Engineering fire safety

Louise Smyth

Although the number of fatalities caused by fire in the workplace is falling year-on-year thanks to enhanced technologies, there were still almost 5,000 fires in non-residential premises in 2015. Pre-incident planning is essential in both avoiding fires and ensuring the safety of all personnel on-site if the worst was to happen. Here, Paul North looks at how effective pre-incident planning can be implemented

Common causes

The most common causes of fires in commercial buildings are kitchen equipment, electrical faults, heaters and boilers, smoking, arson and storage. Fires occur most often in retail and vehicle trade premises, but also in recreational facilities, restaurants, schools, hospitals and in industrial premises. Over the past 10 years almost 120 people have died in non-domestic fires. And the tragedy is that most of these incidents were preventable.

If you are a commercial landlord or the owner-occupier of a commercial building, you are responsible for fire safety. If you do not follow fire safety regulations you can be fined an unlimited amount of money and be sent to prison for up to two years under the Regulatory Reform (Fire Safety) Order 2005. 

Pre-incident planning

Fire safety awareness should be an integral part of any engineering business’ pre-incident planning, especially in high-risk industries with large-scale endeavours such as oil refineries and process plants.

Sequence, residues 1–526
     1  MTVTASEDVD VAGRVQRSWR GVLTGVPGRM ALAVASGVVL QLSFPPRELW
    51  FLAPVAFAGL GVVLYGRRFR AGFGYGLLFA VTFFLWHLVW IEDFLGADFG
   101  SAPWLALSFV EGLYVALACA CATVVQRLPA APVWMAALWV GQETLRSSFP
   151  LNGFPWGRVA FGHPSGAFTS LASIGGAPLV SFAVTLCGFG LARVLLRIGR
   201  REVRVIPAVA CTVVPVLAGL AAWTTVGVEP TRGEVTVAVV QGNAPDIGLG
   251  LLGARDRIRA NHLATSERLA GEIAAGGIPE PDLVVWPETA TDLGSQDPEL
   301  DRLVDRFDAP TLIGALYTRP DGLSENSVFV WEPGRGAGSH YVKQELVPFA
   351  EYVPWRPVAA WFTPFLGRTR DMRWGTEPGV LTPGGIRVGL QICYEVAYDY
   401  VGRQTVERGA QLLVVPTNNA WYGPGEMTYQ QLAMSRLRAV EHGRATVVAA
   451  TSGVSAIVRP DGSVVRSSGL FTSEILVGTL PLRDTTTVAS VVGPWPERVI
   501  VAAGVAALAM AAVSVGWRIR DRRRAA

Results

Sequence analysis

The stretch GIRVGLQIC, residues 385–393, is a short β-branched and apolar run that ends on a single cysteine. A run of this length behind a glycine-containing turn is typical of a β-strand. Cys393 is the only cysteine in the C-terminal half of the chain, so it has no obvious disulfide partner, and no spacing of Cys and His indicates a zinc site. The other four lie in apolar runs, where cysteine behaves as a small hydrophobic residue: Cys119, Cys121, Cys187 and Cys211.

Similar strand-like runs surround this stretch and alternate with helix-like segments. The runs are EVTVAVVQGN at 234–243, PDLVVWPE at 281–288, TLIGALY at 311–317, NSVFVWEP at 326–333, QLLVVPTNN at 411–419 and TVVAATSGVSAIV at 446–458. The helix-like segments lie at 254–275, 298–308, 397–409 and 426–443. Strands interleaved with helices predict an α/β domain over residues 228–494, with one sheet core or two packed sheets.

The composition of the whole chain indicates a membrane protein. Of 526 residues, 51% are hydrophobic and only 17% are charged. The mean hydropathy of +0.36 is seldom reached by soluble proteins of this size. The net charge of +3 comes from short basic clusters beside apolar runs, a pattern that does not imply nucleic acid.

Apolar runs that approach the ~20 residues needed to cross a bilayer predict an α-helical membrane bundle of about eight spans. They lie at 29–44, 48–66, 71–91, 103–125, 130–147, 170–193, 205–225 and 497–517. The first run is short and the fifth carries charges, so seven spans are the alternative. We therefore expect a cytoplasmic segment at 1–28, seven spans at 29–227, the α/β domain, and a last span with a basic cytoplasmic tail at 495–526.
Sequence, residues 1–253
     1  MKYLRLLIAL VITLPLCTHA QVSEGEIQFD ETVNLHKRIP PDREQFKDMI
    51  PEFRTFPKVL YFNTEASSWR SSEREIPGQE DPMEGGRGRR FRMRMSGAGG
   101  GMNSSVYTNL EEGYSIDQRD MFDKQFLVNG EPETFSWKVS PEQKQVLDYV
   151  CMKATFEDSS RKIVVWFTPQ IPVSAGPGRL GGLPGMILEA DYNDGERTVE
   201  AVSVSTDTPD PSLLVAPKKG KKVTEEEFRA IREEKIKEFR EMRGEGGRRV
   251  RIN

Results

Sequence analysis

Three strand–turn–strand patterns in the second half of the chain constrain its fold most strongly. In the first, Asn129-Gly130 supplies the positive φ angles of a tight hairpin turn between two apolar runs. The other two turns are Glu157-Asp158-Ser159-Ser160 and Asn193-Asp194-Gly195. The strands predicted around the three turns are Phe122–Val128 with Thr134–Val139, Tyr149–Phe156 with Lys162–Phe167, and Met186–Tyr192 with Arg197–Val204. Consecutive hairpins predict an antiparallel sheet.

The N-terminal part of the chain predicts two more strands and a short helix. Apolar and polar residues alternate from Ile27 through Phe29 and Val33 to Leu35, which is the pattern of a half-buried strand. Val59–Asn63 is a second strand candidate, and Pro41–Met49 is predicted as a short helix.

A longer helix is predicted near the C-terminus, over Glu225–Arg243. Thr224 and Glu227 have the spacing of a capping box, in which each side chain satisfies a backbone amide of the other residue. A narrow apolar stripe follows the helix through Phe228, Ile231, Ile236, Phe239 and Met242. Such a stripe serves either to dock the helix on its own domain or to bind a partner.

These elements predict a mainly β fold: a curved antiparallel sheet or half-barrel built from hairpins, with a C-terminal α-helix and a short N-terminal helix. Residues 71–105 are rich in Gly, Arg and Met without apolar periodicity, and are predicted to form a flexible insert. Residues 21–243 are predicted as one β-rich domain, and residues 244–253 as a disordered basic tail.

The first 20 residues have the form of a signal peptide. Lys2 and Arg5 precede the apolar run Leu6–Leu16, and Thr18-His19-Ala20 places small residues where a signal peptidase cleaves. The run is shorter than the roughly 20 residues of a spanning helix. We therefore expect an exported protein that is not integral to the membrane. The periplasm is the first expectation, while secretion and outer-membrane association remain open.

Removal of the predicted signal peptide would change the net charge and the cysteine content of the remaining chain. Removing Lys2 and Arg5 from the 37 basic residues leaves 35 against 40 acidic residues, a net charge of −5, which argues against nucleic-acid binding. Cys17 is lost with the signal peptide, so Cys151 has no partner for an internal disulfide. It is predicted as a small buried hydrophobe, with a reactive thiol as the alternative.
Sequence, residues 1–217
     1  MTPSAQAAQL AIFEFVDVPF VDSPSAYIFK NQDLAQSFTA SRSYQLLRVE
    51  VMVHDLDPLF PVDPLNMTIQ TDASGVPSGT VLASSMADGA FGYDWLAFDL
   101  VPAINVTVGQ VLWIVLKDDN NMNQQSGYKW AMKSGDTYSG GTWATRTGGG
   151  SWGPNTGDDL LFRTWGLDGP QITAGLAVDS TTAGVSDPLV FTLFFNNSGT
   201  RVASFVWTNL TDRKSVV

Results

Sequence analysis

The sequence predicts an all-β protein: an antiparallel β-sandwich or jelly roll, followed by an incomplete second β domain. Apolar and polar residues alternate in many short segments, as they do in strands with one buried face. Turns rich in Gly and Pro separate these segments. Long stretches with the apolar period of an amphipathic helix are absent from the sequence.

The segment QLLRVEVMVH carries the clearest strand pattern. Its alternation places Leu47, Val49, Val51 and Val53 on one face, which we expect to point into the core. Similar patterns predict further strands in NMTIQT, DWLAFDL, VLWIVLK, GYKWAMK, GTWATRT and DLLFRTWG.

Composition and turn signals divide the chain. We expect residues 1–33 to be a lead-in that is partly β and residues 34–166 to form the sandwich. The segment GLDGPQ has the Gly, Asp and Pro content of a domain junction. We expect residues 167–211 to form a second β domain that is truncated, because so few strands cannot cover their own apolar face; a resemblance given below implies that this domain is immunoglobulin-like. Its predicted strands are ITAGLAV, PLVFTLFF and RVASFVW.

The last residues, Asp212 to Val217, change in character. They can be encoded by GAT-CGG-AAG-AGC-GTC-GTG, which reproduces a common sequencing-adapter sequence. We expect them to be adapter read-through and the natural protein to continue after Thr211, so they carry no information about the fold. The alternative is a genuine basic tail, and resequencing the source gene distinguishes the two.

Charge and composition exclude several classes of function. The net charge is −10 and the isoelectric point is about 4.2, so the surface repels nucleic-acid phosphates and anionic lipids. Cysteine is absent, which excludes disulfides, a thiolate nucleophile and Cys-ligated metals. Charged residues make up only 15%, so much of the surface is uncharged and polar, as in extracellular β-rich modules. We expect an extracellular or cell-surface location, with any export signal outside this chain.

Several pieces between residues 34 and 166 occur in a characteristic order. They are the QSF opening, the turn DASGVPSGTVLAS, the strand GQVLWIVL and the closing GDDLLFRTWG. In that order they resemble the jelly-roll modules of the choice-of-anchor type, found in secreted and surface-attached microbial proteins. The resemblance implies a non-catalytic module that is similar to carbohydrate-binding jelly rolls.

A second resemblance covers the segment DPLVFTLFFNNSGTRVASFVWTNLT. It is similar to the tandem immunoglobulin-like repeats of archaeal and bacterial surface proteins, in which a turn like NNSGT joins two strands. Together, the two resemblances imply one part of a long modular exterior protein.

Pre-incident planning involves identifying the fire hazards present at the premises, identifying the people at risk, whether that’s employees, visitors or the general public, evaluating, removing or reducing the risks, recording these findings, preparing an emergency plan, providing training to those who may be affected by a fire, and regularly reviewing and updating the fire risk assessment. It sounds onerous – but it’s an essential legal requirement and can literally be the difference between life and death.

Areas of consideration include emergency routes and exits, fire detection and warning systems, firefighting equipment, procedures for dealing with dangerous substances, an emergency evacuation plan, the needs of vulnerable people who may need to be evacuated, relaying information to employees and visitors, and effective fire safety training for all those who may be affected by the outbreak of a fire. 

A pre-incident plan is a document that will detail all of this information and will assist the emergency services in assessing which resources and procedures are needed to effectively deal with a specific situation. Usually it includes additional information such as access problems, the size of the building, floor plans (including the location of stairs and lifts) where the nearest fire hydrants are located, the content of the building and any internal fire protection which it has. 

It not only safeguards the occupants of the premises affected but also forewarns and protects the emergency responders called upon to manage the situation. 

The UK government has published comprehensive fire risk assessment guides that outline the appropriate approach to take in a number of industries and commercial environments – referencing engineering as notably high-risk. Pre-incident planning can be undertaken internally, by a designated person who has undergone specific training. However, in high-risk environments the services of a professional risk assessor is advisable. They will be able to assist in putting together a wide-ranging and thorough pre-incident plan that will enable you to identify risks, implement emergency procedures and potentially save lives. 

Paul North is with Fire and Water Supplies.